Jaunts With Jackie

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Tag: Hiking

Hiking at Red Rock Canyon

Before you go out for a crazy night of debauchery in Sin City you can head to Red Rock Canyon for an amazing day of hiking. Red Rock Canyon National Conservation Area is just a mear 25 miles West of the Las Vegas strip. On a Saturday in January, we drove from the Los Angeles area to Red Rock Canyon and it only took us about 3 1/2 hours.

Plan to Arrive at Red Rock Early

Check the visitor information page for their hours. We arrived at the entrance at 9:30 a.m. There were only a few cars ahead of us to pay. There was a $15 entrance fee. We stopped at the visitor’s center and looked around. Instead of hiking around the visitor’s center, we decided to head to the Calico Tank hike. After entering the park the road is 13 miles one-way loop. When we arrived at the parking lot for Calico Tank it was completely full at 10:00 a.m. I drove around and around the loop, but nobody was leaving. I finally decided to drive down the road and park off the roadway and hope I didn’t come back and find a ticket.

The entrance to Red Rock Canyon
There were lots of people out rock climbing with ropes.

Wildlife at Red Rock Canyon

We hoped to see some wildlife during our visit to Red Rock Canyon, but we only saw a few lizards. There are signs warning drivers to slow down for the wild tortoise, but since we visited in January they were probably still hibernating. We lept our eyes peeled for wild burros, but we didn’t see them either.

Use caution while driving.

Hiking to Calico Tanks

The park trail map rates the hike to Calico Tanks as Strenuous. From the parking lot to the tank is a little over 2 miles roundtrip. Even though the parking lot was full there are other hikes in the area and lots of people practicing rock climbing. The first part of the hike follows an actual path. There weren’t that many people on the trail when we first started. The weather in January was sunny and comfortable. I wouldn’t want to do this hike if it was hot outside, because there is little to no shade. After about 1/2 mile the trail becomes less clear cut and the hike becomes “choose your own adventure.” There are places that you can hop from rock to rock.

A trail map for the hike to Calico Tanks.
There are parts where you need to scramble up the rocks.
Heading up the canyon.
We found a little water along the trail.

Calico Tanks

There are a few signs along the way to let you know that you are still going the right way. Basically, you are heading up through a small canyon. The actual Calico Tanks is a natural holding pool for water. I’ve heard that the water dries up in the warmer months. We made it to the tank in a little over an hour with plenty of time for exploring and taking pictures. After the tanks, you want to continue going up and you will be rewarded with an amazing view of the Las Vegas strip and valley. We took in the view and took lots of pictures.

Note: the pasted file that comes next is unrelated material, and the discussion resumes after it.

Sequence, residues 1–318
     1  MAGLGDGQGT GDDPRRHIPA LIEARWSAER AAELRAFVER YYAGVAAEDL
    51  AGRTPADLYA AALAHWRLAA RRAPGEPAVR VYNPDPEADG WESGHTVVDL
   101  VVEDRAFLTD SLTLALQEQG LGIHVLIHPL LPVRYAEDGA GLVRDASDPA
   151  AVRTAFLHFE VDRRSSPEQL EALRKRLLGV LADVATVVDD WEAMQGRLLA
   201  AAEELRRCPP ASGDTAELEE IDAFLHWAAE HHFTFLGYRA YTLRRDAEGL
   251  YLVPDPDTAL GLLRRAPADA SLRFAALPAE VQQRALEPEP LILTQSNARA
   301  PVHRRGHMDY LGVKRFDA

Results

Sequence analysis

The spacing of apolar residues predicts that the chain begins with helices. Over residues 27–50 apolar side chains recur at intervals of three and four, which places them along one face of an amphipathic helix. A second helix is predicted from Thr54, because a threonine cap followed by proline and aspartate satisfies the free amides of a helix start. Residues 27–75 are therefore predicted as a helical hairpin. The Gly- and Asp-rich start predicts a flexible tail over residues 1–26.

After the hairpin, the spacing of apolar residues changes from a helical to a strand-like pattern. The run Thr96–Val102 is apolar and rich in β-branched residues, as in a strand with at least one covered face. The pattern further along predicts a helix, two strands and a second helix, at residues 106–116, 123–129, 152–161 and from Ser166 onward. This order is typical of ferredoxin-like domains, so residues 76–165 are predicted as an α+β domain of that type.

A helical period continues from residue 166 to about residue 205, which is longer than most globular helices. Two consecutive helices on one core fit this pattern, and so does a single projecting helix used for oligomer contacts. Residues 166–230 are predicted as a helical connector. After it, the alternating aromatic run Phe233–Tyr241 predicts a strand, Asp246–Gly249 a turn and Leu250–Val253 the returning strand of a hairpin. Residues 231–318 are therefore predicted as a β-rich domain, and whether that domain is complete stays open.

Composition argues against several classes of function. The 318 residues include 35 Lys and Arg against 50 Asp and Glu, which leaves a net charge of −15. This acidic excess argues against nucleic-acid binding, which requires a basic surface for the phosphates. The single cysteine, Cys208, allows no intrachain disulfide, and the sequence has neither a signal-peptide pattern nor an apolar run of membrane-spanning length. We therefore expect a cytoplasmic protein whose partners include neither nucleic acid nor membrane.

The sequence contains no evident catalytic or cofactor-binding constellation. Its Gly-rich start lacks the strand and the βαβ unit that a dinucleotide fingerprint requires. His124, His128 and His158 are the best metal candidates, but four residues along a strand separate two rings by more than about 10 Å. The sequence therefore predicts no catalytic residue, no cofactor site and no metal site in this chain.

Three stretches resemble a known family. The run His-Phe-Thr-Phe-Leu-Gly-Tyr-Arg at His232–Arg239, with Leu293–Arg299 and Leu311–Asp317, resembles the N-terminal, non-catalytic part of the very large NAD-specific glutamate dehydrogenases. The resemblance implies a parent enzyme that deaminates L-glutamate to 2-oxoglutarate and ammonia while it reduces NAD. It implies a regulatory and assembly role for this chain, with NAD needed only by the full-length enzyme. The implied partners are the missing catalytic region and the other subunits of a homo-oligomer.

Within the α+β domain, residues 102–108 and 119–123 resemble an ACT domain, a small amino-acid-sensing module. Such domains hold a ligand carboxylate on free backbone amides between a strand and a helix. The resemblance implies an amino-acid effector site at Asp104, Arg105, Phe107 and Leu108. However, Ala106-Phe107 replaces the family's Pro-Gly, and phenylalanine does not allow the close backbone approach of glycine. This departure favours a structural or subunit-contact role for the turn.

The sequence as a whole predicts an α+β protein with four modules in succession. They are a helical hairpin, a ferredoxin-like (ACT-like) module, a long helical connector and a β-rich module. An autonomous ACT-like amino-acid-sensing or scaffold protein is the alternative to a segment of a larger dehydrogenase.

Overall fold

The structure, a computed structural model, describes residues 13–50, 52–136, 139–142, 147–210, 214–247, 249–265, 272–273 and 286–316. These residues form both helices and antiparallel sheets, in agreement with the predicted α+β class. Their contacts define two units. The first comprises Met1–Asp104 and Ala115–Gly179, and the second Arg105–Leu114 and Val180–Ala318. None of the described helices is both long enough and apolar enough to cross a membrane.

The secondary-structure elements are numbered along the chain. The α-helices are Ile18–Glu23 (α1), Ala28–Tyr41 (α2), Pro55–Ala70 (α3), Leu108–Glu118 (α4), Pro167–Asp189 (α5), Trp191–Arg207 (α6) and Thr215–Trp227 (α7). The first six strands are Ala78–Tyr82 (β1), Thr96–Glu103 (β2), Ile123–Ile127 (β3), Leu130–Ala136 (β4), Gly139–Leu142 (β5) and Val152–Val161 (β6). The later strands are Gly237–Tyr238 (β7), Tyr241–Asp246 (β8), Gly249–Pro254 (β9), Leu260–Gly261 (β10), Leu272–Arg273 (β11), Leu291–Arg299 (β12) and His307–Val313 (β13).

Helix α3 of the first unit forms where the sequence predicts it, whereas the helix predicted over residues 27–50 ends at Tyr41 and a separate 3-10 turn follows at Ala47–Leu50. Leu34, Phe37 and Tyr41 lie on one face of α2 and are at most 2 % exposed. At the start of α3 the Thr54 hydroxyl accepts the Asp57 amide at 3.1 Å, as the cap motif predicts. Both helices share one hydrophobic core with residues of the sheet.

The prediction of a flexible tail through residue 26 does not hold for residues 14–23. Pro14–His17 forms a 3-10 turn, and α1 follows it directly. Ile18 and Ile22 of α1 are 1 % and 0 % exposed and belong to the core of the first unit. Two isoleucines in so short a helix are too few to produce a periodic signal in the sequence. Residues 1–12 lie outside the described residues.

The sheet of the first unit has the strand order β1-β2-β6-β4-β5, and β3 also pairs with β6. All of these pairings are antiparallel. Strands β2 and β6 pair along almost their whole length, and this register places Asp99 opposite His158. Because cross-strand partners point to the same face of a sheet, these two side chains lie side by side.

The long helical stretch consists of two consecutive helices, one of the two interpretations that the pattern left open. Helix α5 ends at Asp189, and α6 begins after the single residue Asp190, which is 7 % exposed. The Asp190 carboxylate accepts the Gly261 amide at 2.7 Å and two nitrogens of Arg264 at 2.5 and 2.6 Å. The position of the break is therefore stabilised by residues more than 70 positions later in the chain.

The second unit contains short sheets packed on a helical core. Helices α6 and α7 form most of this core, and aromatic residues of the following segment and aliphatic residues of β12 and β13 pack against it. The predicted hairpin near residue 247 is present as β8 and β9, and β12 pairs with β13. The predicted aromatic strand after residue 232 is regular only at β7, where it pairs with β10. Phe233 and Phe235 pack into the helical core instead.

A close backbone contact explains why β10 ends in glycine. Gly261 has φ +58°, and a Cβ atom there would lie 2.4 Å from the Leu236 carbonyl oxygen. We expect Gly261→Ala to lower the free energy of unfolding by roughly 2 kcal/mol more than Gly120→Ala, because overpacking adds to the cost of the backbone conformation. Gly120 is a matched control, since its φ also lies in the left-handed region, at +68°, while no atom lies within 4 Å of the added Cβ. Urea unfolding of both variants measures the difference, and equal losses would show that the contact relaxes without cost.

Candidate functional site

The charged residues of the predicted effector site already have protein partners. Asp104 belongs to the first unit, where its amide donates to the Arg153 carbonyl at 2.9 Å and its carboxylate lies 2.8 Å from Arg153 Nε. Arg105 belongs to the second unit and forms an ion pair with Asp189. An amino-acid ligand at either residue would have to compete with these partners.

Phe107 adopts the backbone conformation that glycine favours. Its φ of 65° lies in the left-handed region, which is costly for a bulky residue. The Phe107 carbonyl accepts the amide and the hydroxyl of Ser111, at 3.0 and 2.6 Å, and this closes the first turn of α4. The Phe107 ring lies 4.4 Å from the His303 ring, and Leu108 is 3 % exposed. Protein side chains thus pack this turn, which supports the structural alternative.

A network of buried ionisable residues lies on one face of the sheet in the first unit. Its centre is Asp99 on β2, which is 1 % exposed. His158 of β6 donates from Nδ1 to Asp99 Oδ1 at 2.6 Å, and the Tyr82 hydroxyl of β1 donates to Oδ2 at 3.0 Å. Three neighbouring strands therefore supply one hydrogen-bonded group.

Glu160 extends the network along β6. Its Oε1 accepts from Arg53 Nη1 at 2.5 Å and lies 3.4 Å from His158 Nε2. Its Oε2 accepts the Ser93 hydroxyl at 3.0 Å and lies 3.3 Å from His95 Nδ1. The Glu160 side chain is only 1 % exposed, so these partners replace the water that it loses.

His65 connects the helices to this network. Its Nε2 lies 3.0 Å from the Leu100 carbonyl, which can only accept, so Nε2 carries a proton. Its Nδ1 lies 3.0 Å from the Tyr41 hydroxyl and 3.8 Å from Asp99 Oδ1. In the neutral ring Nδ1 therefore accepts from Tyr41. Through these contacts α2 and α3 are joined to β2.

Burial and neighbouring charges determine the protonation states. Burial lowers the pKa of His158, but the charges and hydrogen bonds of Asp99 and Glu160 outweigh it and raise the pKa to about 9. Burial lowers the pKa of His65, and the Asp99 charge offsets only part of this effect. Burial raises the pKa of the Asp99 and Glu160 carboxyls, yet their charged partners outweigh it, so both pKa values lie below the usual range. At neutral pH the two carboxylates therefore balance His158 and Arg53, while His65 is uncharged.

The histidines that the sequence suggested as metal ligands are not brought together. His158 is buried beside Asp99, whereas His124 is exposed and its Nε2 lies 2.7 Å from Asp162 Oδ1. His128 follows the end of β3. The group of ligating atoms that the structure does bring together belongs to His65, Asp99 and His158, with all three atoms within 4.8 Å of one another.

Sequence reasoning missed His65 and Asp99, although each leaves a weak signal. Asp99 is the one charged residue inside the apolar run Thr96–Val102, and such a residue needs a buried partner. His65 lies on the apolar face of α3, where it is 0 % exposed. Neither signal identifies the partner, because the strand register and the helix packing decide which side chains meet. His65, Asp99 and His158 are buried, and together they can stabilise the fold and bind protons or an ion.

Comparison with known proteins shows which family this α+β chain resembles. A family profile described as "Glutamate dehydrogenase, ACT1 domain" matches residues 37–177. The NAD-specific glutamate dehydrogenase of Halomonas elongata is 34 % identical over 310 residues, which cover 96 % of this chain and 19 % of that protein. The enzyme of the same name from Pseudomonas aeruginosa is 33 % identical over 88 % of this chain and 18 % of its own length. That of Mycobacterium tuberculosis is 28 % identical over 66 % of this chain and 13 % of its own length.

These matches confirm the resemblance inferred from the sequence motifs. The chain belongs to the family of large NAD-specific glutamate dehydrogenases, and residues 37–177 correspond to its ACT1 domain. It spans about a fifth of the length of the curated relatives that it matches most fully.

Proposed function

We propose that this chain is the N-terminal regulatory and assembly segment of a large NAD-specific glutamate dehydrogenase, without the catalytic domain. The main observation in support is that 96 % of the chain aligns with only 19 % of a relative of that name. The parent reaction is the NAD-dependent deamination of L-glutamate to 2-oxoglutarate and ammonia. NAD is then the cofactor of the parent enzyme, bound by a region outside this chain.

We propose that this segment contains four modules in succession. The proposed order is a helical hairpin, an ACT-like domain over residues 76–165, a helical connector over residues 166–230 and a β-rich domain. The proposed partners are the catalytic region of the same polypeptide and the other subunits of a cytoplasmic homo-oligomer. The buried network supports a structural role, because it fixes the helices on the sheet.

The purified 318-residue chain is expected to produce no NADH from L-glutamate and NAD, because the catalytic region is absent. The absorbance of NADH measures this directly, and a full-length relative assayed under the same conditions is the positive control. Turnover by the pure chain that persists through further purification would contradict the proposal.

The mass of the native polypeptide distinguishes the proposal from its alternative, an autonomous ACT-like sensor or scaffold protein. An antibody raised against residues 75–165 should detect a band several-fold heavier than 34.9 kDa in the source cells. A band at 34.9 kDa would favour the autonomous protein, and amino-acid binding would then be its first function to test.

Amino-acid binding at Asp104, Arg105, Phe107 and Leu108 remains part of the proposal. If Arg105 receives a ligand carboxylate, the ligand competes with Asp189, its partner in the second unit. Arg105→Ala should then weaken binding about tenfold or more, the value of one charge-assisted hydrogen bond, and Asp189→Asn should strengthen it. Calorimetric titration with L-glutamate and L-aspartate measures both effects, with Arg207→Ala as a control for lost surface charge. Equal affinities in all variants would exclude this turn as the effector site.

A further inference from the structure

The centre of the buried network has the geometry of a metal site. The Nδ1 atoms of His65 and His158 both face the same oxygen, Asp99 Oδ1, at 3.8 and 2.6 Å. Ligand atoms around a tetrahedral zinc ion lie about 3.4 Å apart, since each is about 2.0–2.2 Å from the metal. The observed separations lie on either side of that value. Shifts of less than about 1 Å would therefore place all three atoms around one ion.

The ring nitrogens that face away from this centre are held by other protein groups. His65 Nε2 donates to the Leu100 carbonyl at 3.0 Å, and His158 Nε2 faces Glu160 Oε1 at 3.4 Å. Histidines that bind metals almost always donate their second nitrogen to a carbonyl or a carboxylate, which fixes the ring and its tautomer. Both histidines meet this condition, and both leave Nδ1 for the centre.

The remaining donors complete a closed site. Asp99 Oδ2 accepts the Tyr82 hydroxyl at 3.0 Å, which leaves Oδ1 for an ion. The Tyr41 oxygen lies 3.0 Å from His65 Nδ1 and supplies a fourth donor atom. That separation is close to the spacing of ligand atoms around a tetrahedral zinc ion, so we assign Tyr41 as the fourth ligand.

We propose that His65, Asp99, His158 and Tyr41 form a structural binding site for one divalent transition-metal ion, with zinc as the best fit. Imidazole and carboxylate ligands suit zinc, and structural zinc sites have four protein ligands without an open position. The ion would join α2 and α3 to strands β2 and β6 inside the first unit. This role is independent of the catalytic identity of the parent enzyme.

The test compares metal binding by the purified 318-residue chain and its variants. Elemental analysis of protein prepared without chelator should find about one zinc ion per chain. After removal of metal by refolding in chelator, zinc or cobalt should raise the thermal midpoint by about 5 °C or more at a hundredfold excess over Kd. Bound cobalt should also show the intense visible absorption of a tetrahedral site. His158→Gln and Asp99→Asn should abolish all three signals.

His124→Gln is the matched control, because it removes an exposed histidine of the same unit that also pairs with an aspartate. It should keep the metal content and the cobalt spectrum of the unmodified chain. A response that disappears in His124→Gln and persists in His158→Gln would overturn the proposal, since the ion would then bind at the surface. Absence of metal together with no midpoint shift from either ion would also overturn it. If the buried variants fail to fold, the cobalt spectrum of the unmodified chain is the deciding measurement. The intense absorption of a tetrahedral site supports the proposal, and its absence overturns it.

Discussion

Calico Tank

Hiking Down From Calico Tanks

Coming down was a little dicey. The trail had become “The Disneyland of the Desert.” I couldn’t believe how many people were on the trail on the way down. A lot of the trail is on rocks that have a thin coating of sand on them and there were way too many people in Vans or Converse that were sliding all over. We saw some people scooting down on their butts in order to avoid falling. We made it down and walked back to our car. The parking lot was still full on our way out.

Halfway down the trail.

Petroglyph Wall

We continued driving on the scenic one-way loop. We drove to the parking lot for the Petroglyph Wall. Depending on where you can find a parking place the walk to the Petroglyph wall is very short. We walked across a wash and headed towards a cliff. The Petroglyphs are on the face of the cliff. The Petroglyphs are estimated to be 800 years old. After reading the sign and taking pictures we walked back to the car. We got a cooler out of the car and had a picnic at the Willow Springs picnic area. While we were eating the clouds rolled in and we started to get cold. We finished the scenic loop and decided we were done for the day.

A map for the Petroglyph Wall
800-year-old Petroglyphs

A Reason For Another Visit

We only did two hikes in Red Rocks. I would love to go back and visit, but preferably on a weekday when it is a little less crowded. We saw several groups drive by in open air 3 wheeled vehicles. Each car held 2 passengers and they all looked like they were having a good time. I would also like to come back and look around for some wildlife. All in all, we had a good visit and this was definitely a side of Las Vegas that I had never seen before.